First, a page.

-Like Fortnite, this game is one that I honestly didn’t expect to make the list at first, especially since I’ve never played this and have played the former. But despite being the only game on this list I’ve never tried out, I’ve seen a lot of gameplay (and plenty of dead memes, to boot) and I realized something pretty special. This game is one of very few I can think off the top of my head that has only ever received positive feedback from players. In other words, I have yet to see someone say anything bad, provided they’ve played the game in its entirety. There isn’t any other game from this decade I can say that for. THAT is incredible. Developed by a man named Toby Fox, who now composes music for other similar games, this “indie” role-playing game is one that taught me just how special a game can be when the developers of it care about more than just making a profit off of something. Trust me, that’s a huge thing for me. You play as a person who wandered into another civilization full of monsters, and the player must choose which storyline they want to play out. It honestly looks like a lot of fun, even if non-fans hate this game with a passion.

Toby Fox
Offical KickStarter.com artwork
  1. “Super Smash Bros. Ultimate” (Switch, 2018)

-The fifth installment of Nintendo’s hit party…fighting…okay, what genre even is this? Anyway, this game does something very special in that it is designed to appeal to everyone, and that happens to include the massive character roster. No, seriously. Every character that has ever been playable in a Super Smash Brothers game is in there. The game also contains a ton of stages to play on (over 100!), many other game modes, an adventure mode that feels more like its own separate role-playing game, and quite possibly the largest soundtrack of any video game ever released. The game represents 19 years of long, hard work by series producer Masahiro Sakurai’s dedication towards his passion that started all the way back in 1999 on the “Nintendo 64” console. The game appeals to both casual and competitive players alike, which is something most games in the series struggled with, so there’s that too.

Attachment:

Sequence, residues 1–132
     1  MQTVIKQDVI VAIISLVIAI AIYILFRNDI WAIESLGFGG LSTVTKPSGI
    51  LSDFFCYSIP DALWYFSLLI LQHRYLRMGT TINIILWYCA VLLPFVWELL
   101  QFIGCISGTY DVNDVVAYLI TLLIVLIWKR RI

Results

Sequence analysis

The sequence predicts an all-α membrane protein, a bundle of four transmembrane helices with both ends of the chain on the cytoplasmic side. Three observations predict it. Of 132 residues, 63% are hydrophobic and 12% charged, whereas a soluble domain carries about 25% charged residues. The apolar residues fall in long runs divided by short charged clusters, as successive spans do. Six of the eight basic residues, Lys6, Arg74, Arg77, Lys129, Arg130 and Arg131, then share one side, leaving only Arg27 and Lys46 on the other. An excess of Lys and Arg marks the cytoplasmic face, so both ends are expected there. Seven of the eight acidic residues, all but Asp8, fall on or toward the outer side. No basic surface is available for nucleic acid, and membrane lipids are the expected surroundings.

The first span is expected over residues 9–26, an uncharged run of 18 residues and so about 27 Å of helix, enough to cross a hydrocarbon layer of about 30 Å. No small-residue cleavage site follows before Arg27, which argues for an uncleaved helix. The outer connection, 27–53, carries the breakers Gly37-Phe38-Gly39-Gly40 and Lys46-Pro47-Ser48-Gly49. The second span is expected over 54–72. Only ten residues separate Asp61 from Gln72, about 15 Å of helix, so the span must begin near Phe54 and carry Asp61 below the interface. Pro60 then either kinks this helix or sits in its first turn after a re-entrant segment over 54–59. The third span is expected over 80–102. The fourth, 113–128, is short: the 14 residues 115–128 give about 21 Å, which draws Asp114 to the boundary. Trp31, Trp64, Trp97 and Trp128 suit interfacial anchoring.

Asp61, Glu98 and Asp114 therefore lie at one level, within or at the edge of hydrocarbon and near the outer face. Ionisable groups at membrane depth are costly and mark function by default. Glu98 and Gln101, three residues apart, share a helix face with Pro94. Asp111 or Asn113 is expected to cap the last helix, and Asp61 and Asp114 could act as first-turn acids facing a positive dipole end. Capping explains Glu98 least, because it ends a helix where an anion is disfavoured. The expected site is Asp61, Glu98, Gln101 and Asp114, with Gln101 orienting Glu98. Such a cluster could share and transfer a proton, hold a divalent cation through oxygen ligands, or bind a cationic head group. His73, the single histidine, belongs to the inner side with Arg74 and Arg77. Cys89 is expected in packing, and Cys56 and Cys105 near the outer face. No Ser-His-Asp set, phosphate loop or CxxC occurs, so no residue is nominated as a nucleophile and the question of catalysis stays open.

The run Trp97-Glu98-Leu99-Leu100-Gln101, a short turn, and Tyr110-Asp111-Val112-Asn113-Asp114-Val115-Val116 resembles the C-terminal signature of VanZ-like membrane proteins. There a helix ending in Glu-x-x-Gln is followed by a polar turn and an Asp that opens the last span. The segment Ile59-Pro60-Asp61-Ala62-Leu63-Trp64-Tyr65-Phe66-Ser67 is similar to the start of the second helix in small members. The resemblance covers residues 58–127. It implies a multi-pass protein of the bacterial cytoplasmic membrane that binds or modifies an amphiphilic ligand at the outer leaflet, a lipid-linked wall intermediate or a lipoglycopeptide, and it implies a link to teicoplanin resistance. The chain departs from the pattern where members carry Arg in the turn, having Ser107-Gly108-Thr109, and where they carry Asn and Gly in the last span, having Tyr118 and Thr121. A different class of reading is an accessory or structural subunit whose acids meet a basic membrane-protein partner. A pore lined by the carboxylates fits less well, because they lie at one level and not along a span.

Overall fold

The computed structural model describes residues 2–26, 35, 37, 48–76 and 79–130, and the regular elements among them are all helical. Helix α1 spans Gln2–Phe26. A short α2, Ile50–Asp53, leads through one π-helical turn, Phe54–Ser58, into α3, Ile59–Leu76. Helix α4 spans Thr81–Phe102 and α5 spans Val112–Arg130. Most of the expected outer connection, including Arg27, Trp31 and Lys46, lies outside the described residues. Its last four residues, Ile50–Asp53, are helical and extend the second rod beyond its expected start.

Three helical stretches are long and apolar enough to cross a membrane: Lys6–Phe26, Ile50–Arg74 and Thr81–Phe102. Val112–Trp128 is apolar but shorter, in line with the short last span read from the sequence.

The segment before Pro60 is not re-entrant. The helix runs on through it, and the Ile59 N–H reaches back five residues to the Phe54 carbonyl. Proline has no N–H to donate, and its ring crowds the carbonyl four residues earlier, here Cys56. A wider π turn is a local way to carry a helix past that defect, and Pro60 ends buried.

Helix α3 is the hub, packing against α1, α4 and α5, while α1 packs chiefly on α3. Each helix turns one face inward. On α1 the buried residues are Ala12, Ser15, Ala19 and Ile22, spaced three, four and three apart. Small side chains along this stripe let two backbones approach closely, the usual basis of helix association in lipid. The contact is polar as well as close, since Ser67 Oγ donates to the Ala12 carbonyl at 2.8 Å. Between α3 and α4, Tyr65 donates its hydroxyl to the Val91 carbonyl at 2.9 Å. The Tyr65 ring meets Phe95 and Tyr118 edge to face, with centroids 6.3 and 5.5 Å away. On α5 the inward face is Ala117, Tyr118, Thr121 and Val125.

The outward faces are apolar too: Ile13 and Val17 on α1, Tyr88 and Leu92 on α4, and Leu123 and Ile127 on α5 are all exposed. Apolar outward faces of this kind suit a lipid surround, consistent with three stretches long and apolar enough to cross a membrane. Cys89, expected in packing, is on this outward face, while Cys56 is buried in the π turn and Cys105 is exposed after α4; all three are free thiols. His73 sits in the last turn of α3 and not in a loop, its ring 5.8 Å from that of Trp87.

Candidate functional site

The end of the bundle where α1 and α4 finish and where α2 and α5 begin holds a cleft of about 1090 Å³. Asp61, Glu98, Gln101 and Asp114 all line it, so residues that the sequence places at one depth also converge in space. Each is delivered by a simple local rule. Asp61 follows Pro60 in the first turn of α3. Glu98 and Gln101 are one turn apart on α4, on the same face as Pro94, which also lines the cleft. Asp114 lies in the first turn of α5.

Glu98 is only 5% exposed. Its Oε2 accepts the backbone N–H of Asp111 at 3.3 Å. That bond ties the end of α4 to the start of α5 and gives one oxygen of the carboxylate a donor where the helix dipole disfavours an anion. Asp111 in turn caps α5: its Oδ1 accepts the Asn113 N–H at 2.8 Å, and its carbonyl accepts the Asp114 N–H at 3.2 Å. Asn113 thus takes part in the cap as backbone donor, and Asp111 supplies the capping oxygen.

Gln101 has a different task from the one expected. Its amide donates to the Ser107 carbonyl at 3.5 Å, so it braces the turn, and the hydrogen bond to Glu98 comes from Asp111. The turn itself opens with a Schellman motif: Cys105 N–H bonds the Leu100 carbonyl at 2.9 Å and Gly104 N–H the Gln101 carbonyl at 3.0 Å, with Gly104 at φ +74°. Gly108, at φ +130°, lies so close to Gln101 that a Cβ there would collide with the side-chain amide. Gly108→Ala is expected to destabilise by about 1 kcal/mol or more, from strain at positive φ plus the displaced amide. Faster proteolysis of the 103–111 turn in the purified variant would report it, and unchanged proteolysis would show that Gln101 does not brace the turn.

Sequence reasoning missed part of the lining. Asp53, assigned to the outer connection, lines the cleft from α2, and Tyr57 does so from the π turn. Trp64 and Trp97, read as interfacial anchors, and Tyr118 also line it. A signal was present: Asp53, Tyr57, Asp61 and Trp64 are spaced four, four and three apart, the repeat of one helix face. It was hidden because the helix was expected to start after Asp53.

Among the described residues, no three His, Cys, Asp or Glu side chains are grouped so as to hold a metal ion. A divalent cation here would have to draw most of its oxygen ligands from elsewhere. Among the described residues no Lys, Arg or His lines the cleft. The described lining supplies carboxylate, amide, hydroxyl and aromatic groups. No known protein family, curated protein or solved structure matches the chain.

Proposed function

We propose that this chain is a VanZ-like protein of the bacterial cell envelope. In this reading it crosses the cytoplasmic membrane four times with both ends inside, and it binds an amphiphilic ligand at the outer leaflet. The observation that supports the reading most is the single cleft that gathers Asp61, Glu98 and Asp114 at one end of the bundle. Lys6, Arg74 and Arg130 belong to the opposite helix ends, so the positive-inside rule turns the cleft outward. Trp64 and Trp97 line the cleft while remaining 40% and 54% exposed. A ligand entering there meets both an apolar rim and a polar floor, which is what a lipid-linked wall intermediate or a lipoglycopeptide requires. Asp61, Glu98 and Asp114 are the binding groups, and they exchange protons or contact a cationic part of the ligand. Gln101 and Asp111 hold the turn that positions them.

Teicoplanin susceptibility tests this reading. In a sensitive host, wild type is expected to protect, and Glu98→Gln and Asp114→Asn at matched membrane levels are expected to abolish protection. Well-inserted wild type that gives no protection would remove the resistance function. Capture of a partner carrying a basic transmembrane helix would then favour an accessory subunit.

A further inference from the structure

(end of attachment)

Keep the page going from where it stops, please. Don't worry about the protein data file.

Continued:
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The retail case for the best selling Nintendo Switch game
  1. “Pokemon Black 2 & White 2” (DS, 2012)